JIS News

Minister of Justice and Attorney General, Senator Dorothy Lightbourne, has said that the Government considers restorative justice as the most appropriate concept to complement and support the country’s traditional justice system. She was speaking on (February 7), at the opening of the second annual Restorative Justice International Conference, being held at the Hilton Hotel in Kingston from February 7 to 8.
“The Jamaican government, in particular the Ministry of Justice, is committed to modernising and transforming the nation’s justice system over the next 10 years, and the implementation of restorative justice is a vital component of our justice system reform programme,” Senator Lightbourne pointed out.
She added that by 2017, the Ministry intends to ensure that the country’s justice system is timely, efficient, cost-effective and easily accessible to every Jamaican, noting that the government has always been at the forefront of advocacy for non-partisan justice reform.
The Attorney General stressed that the administration would be promoting the implementation of restorative justice in the society at large and the justice system, in particular.
Senator Lightbourne explained that restorative justice seeks to repair the harm done by criminal act or serious anti-social behaviour, to bring about the psychological healing of the victim in such a way that there is acceptance and closure from the experience.
“The offender, the guilty party, through meetings arranged with the victim and community, admits his wrongdoing, takes personal responsibility for the hurt and damage done to both the victim and the community, apologizes and is restored to his or her law abiding community,” Senator Lightbourne said.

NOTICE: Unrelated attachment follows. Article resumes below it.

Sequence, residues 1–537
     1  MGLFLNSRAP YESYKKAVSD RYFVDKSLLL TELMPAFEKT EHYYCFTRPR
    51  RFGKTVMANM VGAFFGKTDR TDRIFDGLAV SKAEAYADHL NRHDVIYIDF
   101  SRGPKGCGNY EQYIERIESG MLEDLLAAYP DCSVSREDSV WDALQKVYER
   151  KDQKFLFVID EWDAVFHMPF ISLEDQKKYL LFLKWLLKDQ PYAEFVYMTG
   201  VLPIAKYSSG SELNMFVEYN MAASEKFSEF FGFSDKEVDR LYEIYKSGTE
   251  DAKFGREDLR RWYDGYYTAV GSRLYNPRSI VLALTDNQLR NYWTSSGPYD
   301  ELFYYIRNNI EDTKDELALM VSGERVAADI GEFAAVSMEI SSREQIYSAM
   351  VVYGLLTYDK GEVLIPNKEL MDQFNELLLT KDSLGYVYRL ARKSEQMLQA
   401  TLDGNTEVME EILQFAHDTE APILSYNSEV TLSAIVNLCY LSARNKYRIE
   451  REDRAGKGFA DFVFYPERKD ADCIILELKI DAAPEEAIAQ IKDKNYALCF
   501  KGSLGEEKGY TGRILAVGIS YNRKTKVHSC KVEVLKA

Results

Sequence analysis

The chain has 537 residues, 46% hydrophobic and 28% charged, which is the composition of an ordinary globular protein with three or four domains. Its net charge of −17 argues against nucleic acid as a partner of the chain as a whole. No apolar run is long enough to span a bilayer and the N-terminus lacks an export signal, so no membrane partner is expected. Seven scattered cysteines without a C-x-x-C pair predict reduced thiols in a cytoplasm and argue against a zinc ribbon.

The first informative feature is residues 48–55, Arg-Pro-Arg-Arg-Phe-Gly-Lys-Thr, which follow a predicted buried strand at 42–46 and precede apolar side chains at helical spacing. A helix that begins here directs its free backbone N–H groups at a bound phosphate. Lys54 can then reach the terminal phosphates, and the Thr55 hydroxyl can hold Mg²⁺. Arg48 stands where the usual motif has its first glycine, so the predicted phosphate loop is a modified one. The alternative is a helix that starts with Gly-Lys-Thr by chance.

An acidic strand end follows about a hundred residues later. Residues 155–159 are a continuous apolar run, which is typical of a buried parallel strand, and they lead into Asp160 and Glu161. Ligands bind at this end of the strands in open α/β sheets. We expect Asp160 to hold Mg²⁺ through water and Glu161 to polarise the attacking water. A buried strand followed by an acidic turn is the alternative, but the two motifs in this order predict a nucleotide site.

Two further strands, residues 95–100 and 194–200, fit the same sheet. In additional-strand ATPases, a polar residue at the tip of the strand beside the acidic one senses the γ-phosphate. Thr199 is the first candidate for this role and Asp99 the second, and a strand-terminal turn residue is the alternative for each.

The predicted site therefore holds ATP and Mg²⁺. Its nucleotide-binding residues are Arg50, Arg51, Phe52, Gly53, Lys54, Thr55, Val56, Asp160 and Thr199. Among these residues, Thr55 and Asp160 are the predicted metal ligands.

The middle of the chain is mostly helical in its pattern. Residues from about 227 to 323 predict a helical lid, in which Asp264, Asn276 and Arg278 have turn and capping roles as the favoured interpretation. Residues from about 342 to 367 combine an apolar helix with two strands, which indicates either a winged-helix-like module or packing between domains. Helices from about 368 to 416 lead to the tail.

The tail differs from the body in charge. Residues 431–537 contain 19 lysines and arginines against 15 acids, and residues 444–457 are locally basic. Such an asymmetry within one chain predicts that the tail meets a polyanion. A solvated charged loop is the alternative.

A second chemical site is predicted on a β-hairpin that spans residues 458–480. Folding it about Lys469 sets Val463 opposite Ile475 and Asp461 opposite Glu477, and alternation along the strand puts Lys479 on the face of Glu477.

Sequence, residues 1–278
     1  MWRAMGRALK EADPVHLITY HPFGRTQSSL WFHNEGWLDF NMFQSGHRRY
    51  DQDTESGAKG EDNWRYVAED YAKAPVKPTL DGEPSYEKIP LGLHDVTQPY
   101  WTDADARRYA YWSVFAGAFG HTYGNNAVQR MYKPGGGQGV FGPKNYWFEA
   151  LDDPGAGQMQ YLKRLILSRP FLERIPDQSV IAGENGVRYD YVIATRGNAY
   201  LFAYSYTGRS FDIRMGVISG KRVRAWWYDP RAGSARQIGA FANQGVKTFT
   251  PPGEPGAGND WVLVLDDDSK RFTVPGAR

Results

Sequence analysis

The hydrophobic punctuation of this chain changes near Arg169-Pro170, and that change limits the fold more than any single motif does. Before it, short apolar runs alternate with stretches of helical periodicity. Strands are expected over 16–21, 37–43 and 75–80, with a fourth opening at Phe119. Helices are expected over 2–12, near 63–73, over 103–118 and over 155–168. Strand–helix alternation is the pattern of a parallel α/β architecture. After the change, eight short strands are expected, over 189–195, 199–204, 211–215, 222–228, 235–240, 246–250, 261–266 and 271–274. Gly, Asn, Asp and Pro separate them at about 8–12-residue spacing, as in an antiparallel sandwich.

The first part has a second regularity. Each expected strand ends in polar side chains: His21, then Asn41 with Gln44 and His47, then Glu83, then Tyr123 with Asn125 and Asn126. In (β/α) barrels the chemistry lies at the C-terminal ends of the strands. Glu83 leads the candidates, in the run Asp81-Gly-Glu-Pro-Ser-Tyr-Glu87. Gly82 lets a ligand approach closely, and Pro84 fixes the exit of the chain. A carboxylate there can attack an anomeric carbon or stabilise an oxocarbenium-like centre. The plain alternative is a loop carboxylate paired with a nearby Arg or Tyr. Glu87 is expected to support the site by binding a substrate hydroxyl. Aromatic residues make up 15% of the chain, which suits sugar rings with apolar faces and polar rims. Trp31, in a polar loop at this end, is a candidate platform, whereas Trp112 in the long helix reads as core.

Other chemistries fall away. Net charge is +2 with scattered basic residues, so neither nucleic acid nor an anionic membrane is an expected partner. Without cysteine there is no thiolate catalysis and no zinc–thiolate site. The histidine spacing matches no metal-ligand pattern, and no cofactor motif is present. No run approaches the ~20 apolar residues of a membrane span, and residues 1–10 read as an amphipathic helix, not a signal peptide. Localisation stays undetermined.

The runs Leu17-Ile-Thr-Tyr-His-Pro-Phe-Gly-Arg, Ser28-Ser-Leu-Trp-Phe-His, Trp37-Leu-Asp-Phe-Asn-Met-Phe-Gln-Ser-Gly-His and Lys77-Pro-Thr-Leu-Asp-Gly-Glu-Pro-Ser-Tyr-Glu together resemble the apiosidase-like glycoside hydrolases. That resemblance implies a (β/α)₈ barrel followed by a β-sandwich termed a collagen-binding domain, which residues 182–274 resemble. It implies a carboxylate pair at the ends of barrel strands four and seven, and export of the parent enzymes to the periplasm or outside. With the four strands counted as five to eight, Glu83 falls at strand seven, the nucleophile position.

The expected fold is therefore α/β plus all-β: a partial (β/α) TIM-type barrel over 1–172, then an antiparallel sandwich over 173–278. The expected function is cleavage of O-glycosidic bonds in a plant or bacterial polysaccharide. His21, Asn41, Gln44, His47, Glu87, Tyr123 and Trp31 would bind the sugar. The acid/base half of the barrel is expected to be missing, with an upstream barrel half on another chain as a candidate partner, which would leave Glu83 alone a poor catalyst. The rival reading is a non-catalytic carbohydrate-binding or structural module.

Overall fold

“Simultaneously, the damage caused to the community and or its members and the relationships that were broken by the commission of the offence, is restored,” she added.
Restorative justice, the Attorney General said, “is about the individuals involved, victim and offender coming to the table in a spirit of reconciliation, taking responsibility for their own actions and finding their own solutions to repair the damage and hurt that has been caused.”
Senator Lightbourne emphasised that restorative justice is suited for Jamaica, as it will “help reduce the case load in the courts,” in areas such as domestic disputes.
Meanwhile, Novar McDonald, Chairman of Dispute Resolution Foundation said his organisation is pleased to be a part of a conference of this nature.”Restorative Justice Week helps us to focus on this need to change lenses and enhance the understanding of policy makers, private sector, justice system and the citizens. This discussion creates an opportunity to develop a policy of increased engagement of partners, effective funding of this expanded system of justice and ensuring standards and accountability,” Mr. McDonald said.
The conference is part of activities to observe Restorative Justice Week from February 3 to 9, and is being held under the theme: ‘Towards forgiveness, healing and reconciliation’.

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